Welcome to the big time, ladies

For better or—at times—worse, the women's game keeps growing
January 27, 1986

Women's college basketball keeps getting bigger. There are now occasional national telecasts of regular-season games, the latest example being Monday's scheduled clash of titans between Texas and Old Dominion on ESPN. The No. 1—ranked Lady Long-horns are averaging 5,049 in home attendance; one NBA team, the Seattle Super-Sonics, averages only 7,921. And Southern Cal coach Linda Sharp says, "The young girls I see are spending more time playing, going to camps, improving their skills. They're getting bigger, too."

But there is this, too: Two weeks ago the NCAA levied its 300th sanction for wrongdoing since it began counting in 1952 and its first ever postseason sanction in a women's sport (although AIAW, which ran women's college athletics before the NCAA took over in 1982, had punished transgressors more or less regularly). The school involved, Northeast Louisiana, was charged with improperly recruiting 6'4" sophomore Chana Perry. Perry was suspended from the team, pending appeal, and the team was placed on a year's probation. Welcome to the big time, ladies.

A more positive note is a definite improvement in quality. With four teams in the national Top 10, the Southeastern Conference is a good example. Andy Landers, who coaches Georgia, now 15-1, is winning in a most unusual way. "We've been stinking it up pretty good, in more ways than one," says Landers, who decreed on Jan. 6 that his players' practice uniforms would go unwashed until he saw better defensive play. The togs have, at this writing, accumulated two weeks' worth of, well, practice. Landers has begun to see good things in practice, but says, "It's not carrying over. If we can get a few games like we've been practicing, we'll throw those babies in the washing machine."

USC, 15-2, packs the house wherever it travels, due largely to Cheryl Miller's marquee value and the fact that Sharp's team has won two of the last three NCAA titles. This year, though, Miller's visibility has been costly. One of USC's losses came in rustic Ruston, La. where the Lady Techsters of Louisiana Tech have gone 57-1 since December 1982. In a pregame ceremony, Miller and Sharp received medallions and warm applause for their contributions to women's basketball. "Then," said a Tech spokesman, "we annihilated them."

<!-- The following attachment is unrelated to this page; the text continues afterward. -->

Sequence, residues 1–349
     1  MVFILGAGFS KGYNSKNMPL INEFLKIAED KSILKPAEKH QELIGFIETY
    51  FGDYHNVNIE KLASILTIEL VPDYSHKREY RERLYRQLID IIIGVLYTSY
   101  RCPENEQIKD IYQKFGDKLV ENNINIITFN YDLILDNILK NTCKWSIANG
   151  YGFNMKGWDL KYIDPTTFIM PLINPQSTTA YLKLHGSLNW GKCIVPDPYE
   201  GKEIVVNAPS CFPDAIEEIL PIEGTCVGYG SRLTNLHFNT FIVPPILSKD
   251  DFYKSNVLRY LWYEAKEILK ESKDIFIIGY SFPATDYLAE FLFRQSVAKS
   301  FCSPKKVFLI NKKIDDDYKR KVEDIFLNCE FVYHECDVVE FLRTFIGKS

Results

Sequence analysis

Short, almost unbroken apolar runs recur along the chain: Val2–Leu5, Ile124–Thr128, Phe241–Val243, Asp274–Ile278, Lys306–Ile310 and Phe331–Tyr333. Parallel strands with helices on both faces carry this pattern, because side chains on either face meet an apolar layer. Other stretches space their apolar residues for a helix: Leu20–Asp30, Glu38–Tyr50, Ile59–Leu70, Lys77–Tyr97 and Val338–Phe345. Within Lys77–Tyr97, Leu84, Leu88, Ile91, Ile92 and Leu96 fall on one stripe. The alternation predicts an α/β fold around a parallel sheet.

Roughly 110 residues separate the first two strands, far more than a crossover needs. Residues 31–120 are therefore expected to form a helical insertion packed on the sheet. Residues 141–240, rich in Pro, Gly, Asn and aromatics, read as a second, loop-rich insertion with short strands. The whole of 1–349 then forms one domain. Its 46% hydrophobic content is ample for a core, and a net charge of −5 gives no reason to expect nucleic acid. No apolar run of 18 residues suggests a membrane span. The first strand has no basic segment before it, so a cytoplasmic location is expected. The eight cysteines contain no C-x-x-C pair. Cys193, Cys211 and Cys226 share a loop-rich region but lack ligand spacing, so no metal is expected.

He wasn't just referring to the score, which was 75-53. Jostling with Miller under the boards, a Tech player opened the white of Miller's right eye with a fingernail. Miller, who has been thrown out of one game this season for flagrant elbowing, can usually take care of herself. This time, her eye required four stitches. No foul was called.

Like NC State's Jim Valvano, Leon Barmore. Tech's coach, fainted on the court this season. Barmore's swoon occurred as he finished a profane tirade against officials during an 80-68 win over Long Beach State. Eyeing Barmore's supine form, an official calmly, and unsympathetically, assessed a technical. Barmore regrets missing that part. "I usually enjoy my technicals," he says.

LSU, 14-1 and 10th in the country last week, ranks first in the SEC. Lady Tiger coach Sue Gunter says the Southeast is the nation's women's hoops hotbed: "I don't think there's any knowledgeable person who thinks the SEC isn't the best conference in the country."

"The Southeast and the West Coast," says Sharp. Quick to agree is Long Beach State coach Joan Bonvicini, whose 49ers are 11-2 at midseason. The losses were to Louisiana Tech and Georgia, by 25. "At Tech we played great for 35 minutes," says Bonvicini, "then we couldn't throw a pea in the ocean." Bonvicini has a 167—37 record at State and for four years running her teams have lost the West Regional final to the eventual national champ.

When women's coaches make comparisons, names like Blazejowski, Meyers, Lieberman and Woodard usually are mentioned. At Virginia, where the Cavs are the class of the ACC, 5'5" point guard Donna Holt reminds coach Debbie Ryan of Isiah Thomas. "I can't say enough about her athletic ability," gushes Ryan. Holt has 181 steals in 1½ seasons.

There haven't been any dunks during games this season, but with West Virginia's Georgeann Wells still around, you never know. Against Charleston last season, Wells was the first woman to jam in an NCAA game. But the 6'7" Wells met her match in Penn State's 5'3" Suzie McConnell, who's first in assists this season with a 9.73 average. Last season McConnell blocked one of Wells's shots as Penn State beat the Mountaineers 94-69. In women's basketball, even the little guys are coming up big.

PHOTOBILL LUSTERLady Bulldogs Katrina McClain (left), Lisa O'Connor (center) and Teresa Edwards defend themselves against their offensive duds.